This order of marsupials contains one family (Microbiotheriidae) with one living species (Dromiciops australis, common name "monito del monte"). It also includes a genus of fossil species, Microbiotherium, with six known species that lived during Oligocene and Miocene times. The order is known only from South America; currently, Dromiciops is found in the Andes of Chile and Argentina.
While not diverse, microbiotheres are especially interesting because they may be more closely related to Australian marsupials (Cohort Australidelphia) than to any South American family. This tentative conclusion is based on both anatomical and molecular investigations (summarized by Aplin and Archer, 1987). Research on the relationships of microbiotheres and other marsupials, however, is an active and fascinating field, and the last word on the phylogeny of these animals probably has yet to be written.
These evolutionary ties between the South American Microbiotheriidae and the Australian marsupials help to illuminate the biogeographic history of the Metatheria. The current hypothesis of metatherian biogeography holds that metatheres (marsupials) originated in North America, dispersed to South America (where they underwent a spectacular radiation), moved across Antarctica and into Australia where they enjoyed a second radiation. The Microbiotheriidae are either a relict of the line leading to the Australian marsupials, or they are the result of a reinvasion of South America by Australian forms. Additional fossil evidence and comparative studies may help to resolve this question.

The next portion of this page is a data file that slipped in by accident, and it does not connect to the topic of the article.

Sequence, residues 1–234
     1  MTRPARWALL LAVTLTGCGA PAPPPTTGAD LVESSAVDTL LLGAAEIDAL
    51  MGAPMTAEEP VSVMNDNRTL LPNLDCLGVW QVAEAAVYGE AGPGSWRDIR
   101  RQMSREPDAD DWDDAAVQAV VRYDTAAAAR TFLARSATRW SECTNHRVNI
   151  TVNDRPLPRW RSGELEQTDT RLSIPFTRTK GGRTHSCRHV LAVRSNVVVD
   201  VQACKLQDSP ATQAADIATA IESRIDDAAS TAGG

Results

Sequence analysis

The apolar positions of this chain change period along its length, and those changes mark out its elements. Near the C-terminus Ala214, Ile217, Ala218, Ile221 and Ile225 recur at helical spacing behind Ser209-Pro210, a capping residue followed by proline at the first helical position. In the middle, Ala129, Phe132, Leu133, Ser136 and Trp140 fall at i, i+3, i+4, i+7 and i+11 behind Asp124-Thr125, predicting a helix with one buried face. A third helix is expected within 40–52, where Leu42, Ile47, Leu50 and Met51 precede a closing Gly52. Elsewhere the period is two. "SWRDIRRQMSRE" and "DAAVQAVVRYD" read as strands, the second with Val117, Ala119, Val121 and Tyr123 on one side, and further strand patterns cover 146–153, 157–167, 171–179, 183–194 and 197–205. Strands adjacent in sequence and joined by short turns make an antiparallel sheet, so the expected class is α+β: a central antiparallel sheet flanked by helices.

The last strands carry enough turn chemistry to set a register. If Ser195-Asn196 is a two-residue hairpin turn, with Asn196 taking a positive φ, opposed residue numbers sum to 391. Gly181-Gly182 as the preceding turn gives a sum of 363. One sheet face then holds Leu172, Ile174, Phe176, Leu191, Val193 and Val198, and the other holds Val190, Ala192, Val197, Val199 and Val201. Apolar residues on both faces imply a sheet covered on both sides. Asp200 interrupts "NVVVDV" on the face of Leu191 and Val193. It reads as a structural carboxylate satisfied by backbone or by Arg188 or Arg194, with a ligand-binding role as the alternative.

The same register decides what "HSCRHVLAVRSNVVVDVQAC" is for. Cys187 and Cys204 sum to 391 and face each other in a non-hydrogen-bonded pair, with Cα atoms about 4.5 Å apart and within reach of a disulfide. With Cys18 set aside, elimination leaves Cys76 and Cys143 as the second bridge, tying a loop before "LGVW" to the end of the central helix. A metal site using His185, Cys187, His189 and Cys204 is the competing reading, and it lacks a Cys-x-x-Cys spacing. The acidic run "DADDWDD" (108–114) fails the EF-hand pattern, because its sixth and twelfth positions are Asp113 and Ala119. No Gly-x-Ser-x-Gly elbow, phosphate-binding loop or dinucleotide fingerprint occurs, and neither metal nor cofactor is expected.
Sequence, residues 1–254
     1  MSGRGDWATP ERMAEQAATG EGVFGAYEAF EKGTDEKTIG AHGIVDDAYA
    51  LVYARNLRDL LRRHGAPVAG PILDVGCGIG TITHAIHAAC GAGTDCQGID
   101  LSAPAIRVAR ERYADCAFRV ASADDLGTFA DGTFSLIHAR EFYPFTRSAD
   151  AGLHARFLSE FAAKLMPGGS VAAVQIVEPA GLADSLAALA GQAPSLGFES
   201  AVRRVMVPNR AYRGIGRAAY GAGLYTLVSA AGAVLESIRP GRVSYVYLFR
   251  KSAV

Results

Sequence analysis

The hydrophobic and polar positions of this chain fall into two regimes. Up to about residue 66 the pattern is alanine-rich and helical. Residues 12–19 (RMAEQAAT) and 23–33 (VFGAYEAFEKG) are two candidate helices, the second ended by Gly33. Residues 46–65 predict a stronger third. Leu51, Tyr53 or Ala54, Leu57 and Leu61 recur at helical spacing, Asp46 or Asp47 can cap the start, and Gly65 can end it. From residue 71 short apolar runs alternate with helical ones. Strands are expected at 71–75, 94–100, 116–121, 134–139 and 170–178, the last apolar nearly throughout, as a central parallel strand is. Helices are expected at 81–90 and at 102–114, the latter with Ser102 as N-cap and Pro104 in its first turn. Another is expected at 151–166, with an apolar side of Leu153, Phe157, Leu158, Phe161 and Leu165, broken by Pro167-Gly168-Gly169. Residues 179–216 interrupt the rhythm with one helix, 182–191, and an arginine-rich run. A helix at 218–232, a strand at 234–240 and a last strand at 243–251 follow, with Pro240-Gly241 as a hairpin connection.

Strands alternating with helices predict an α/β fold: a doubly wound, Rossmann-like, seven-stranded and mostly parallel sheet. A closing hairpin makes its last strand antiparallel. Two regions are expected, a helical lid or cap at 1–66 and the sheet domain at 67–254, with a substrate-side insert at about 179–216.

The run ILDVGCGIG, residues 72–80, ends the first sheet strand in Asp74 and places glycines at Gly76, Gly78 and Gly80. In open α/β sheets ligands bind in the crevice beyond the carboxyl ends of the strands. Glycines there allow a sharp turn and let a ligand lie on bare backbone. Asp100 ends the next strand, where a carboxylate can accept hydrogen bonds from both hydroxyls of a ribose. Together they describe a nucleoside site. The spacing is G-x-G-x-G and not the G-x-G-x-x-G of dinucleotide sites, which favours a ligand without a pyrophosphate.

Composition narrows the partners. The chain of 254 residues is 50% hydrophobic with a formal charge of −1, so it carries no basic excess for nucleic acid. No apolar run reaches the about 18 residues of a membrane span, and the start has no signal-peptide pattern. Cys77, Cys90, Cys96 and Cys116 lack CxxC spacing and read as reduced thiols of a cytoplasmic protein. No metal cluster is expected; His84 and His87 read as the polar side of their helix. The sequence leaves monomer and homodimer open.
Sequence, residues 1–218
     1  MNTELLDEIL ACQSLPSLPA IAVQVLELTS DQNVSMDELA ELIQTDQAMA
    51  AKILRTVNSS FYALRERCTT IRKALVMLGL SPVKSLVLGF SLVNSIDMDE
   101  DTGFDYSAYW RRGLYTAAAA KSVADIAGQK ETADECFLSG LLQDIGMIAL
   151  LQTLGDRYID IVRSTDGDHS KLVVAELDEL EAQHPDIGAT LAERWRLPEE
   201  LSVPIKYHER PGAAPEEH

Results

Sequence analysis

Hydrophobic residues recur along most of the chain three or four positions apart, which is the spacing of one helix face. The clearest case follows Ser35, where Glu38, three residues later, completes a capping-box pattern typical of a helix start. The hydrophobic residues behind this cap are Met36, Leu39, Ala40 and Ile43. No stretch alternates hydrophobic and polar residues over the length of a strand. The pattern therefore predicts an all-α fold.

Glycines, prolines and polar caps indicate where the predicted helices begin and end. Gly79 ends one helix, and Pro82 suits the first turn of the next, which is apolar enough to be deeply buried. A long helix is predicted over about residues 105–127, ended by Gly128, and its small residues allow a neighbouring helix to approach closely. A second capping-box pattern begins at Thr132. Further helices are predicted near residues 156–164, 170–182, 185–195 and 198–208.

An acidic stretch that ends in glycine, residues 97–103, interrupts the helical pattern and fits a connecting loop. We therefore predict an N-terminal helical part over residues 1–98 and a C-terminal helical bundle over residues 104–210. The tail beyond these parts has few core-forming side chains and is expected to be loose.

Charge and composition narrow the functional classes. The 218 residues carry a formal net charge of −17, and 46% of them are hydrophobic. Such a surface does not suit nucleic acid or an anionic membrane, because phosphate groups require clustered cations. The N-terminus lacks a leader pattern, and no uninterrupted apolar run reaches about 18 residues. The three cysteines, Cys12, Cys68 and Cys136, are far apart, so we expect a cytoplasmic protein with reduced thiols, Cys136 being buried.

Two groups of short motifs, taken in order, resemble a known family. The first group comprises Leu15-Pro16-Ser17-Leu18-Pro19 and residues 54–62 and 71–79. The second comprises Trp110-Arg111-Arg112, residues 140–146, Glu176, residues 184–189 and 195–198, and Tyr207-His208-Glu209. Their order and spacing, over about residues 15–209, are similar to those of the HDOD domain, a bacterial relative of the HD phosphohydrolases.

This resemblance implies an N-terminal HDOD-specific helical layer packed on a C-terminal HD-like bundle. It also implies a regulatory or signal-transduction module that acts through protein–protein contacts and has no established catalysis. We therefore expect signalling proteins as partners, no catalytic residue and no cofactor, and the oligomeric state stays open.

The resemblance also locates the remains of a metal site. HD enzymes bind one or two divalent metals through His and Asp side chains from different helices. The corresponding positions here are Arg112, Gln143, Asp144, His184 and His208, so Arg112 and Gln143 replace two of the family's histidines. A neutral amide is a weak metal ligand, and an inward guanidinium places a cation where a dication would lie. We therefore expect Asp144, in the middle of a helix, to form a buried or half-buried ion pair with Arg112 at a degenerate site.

Dromiciops is a small animal with a long, moderately prehensile tail and silky, dense pelage. Its ears are short and rounded. The tail is long and may serve as a site for storing fat to maintain the animal during hibernation. The pouch or marsupium is well developed. Dromiciops has a peculiar skull, especially compared to that of the didelphids (with which it was once classified). The premaxillae is elongated; the nasals are expanded posteriorly; and paroccipital processes are absent. The auditory bullae are unique: large, inflated, ossified, with the anterior third of the bullar wall formed by a large process of the alisphenoid. The teeth are also unusual. The upper and lower incisors are broad and spatulate. The uppers form a semicircle or U-shaped dental arcade, while the lowers are splayed outward. The cusps of the cheekteeth are low and rounded compared to those of didelphids. The dental formula, however, is identical to that of the Didelphidae (5/4, 1/1, 3/3, 4/4 = 50), and like didelphids, Dromiciops is polyprotodont and not syndactylous.
Monitos del monte live in dense, humid vegetation in the mountains of southern Chile and Argentina. They have a special liking for thickets of bamboo. Monitos del monte are primarily insectivorous, feeding in the trees as well as on the ground, but they may occasionally consume vegetation.
The fossil genus Microbiotherium is known from the late Oligocene. An early Paleocene mammal, Khasia, may also have belonged to this family.
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